Vermont – 17992 Miles Driven.
Dairy farming represents the largest part of Vermont’s agricultural economy, and the vast majority of that relates to cows. In southern Vermont resides a farmer who’s decided to do things a little bit differently, and is paving the way for a new generation following in his footsteps. That farmers name is David Major owner of Vermont Shepherd, the oldest sheep dairy in the United States.
Back in 1988 David purchased the farmland where he grew up from his parents. The sheep they’d been farming had been used for meat and wool, but when a few years earlier flooding had resulted in there being no lambs and with government subsidies for sheep wool having ended, David sought to move into producing sheep’s milk cheese instead. It took years for David and his wife Yesenia to perfect, but in 1993 they finally started getting recognition for the product they were producing. The accolades keep on coming, the New York Times has declared Vermont Shepherd as ‘One of the country’s best cheeses’, and demand for the cheese often outstrips supply. David has 350 sheep; 200 are milked twice daily contributing to the 30 – 40 thousand pounds of cheese produced annually.
Other than the summer months when David will also produce a sheep’s milk ricotta, there are only two types of cheese produced at Vermont Shepherd, Invierno and Verano. Invierno, Spanish for ‘winter’, is a soft to semi-hard natural rind cheese made from mixing sheep’s milk from Vermont Shepherd with cow’s milk from a nearby dairy farm. Typically the cheese is aged for 5-9 months but some is aged for two years, and some is smoked. The cheese is absolutely delicious, full, rich and tangy.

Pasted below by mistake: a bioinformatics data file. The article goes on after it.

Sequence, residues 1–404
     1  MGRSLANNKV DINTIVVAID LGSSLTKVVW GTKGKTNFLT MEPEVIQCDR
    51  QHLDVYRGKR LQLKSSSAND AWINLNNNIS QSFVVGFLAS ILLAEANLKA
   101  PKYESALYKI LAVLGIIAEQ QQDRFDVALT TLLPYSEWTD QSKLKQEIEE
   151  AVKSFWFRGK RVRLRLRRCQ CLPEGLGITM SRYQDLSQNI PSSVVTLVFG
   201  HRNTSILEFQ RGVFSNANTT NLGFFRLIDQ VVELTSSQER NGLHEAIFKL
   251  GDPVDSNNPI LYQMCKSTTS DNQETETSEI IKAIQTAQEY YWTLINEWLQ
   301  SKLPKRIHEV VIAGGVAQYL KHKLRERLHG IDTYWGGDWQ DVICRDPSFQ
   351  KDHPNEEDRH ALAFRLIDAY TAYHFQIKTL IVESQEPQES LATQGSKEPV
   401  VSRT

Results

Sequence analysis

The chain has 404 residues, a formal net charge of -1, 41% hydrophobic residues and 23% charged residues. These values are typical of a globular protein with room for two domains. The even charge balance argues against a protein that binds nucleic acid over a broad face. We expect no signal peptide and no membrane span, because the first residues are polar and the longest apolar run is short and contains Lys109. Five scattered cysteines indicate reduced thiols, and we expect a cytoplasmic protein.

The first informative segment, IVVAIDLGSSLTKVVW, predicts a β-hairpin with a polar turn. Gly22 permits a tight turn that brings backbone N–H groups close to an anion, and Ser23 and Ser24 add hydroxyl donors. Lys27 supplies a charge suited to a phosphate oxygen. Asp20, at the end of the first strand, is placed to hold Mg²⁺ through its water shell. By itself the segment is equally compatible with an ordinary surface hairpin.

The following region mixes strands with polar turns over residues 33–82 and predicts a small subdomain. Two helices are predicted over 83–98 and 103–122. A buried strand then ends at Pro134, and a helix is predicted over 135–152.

Vermont Shepherd’s prized cheese is the 100% sheep’s milk Verano, in English ‘summer’, and as the name implies it’s only made during pasture season and only aged for 3-5 months. The cheese similar to a Basque is described as having a sweet, rich, and earthy flavour to it. I wasn’t expecting to like the Verano quite as much as I did; it was sweeter and earthier than the Invierno, and really was quite exceptional.
David was kind enough to walk me around the farm, occasionally passing and saying hello to some of the locals that he employs to work there. I got to see the impressive manmade cave that David himself built 20 years ago. It’s sight to behold, and the cave has the perfect conditions needed to nurture the 6-7 lb. wheels from their brine-dipped beginnings to the many months and years to come.
Talking to David really made me appreciate the huge amount of hard work that he, his family, and the rest of the team put in to running this farm. It’s a 24-hour operation, from milking the sheep to rotating the wheels of cheese. Being a dairy farmer is hard work, each day presents new challenges that need to be tackled. My wonderful visit to Vermont Shepherd was fittingly brought to an end by one of these challenges; a sheep had got loose and was trying to break into a field containing 10 very excited rams. Excuses made, David ran off to rescue his sheep.
Vermont Shepherd is located at; 281 Patch Farm Rd, Putney, VT 05346. Telephone; +1 (802) 387-4473.